It’s been a painful holiday season for Joselyn Martinez, who, nearly three decades after her father’s 1986 shooting death, managed to track down his alleged killer who’d fled the country, and then returned to the U.S. by lying about his criminal history.
At the end of October, Manhattan judge Robert M. Stolz made the surprising decision to dismiss the case against José Martinez’s alleged murderer Justo Santos, on the grounds that it had taken cops too long to arrest him. A few weeks later, Ms. Martinez told the Observer she was determined to have the ruling appealed.
But at a meeting at the Manhattan DA’s office on Dec. 22nd, Ms. Martinez was informed that her request for appeal had been denied. Given the more than 26 years that passed between the night of the shooting and Mr. Santos’s arrest, the DA’s office determined they didn’t have a good faith legal basis to proceed with an appeal.
“I know they did everything they could to help,” Ms. Martinez told the Observer over the phone, the sadness audible in her voice. “I think their hands are tied.”
Ms. Martinez provided the Observer with a copy of the formal letter sent to her by ADA Julie Nobel. In it, she praised Ms. Martinez’s years of determined investigative work.
“Without question, it was your own hard work and diligence that led to the apprehension of your father’s killer in 2013, over 26 years after the crime’s commission,” Ms. Nobel wrote. “As we explained to you from the outset, however, our fight to sustain the indictment in the face of a speedy trial challenge by defendant would be a tough one.”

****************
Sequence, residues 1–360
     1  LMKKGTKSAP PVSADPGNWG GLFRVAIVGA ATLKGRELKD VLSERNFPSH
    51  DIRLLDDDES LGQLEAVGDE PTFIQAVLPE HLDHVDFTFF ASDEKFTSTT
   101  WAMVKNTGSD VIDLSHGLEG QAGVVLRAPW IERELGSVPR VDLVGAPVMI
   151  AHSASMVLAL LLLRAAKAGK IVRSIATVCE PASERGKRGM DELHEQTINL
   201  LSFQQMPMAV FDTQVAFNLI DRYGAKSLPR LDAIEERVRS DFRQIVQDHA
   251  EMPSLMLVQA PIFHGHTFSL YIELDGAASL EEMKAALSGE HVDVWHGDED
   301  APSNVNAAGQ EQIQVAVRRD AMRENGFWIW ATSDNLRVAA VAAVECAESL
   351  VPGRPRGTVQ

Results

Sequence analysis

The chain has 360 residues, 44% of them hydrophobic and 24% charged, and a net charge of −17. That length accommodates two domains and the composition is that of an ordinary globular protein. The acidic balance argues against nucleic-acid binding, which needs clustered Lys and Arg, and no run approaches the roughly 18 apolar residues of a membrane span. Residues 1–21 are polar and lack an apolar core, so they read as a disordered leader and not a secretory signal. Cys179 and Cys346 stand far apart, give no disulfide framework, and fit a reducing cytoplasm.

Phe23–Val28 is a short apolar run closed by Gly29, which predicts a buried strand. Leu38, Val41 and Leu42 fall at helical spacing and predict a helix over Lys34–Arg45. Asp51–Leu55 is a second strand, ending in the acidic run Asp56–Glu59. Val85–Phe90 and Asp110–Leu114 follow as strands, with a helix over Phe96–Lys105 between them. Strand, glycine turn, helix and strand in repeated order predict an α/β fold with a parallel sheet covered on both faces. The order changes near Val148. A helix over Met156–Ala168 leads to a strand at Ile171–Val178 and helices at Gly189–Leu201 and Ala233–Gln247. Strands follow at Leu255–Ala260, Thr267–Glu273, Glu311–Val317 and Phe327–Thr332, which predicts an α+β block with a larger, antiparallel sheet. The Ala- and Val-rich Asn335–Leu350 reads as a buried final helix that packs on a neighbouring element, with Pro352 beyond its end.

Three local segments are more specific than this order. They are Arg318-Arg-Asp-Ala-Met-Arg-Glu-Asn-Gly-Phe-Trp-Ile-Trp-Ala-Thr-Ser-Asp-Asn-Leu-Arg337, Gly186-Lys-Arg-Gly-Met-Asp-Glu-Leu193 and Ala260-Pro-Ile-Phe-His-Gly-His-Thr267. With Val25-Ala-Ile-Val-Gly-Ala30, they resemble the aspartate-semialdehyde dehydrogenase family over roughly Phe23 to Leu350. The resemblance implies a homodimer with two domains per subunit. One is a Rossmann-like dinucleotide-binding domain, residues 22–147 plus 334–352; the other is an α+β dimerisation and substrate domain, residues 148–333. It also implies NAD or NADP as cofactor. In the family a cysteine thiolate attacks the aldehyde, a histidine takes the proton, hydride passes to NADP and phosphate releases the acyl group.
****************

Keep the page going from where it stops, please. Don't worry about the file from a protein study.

Still, Ms. Martinez insisted her fight isn’t over. Though she doesn’t have a specific plan in place yet—she’s still recovering from losing the appeal—Ms. Martinez is hoping to get Federal and State legislators to adopt laws preventing murderers and other serious offenders from being protected by the right to a speedy trial.
“Murder has no statue of limitations and that’s for a very good reason,” Ms. Martinez said. “Because there was an error or an unreasonable delay, we the people have to suffer for it? That’s not balanced.”
She also said one day, she’d like to start a nonprofit for victims in situations similar to hers.
Finally, Ms. Martinez is hoping Mr. Santos’s U.S. citizenship could still be revoked, given that he lied about his criminal history when we re-entered the United States from the Dominican Republic. A petition has already sprung up on Change.org calling for Mr. Santos’s denaturalization.
Despite the appeal being denied, Ms. Martinez said she’s “absolutely” happy she’s put so much effort into achieving justice for her father.
“If I ever get to see my dad again,” she said, “I don’t have to say I didn’t do anything. I’m at peace with that.”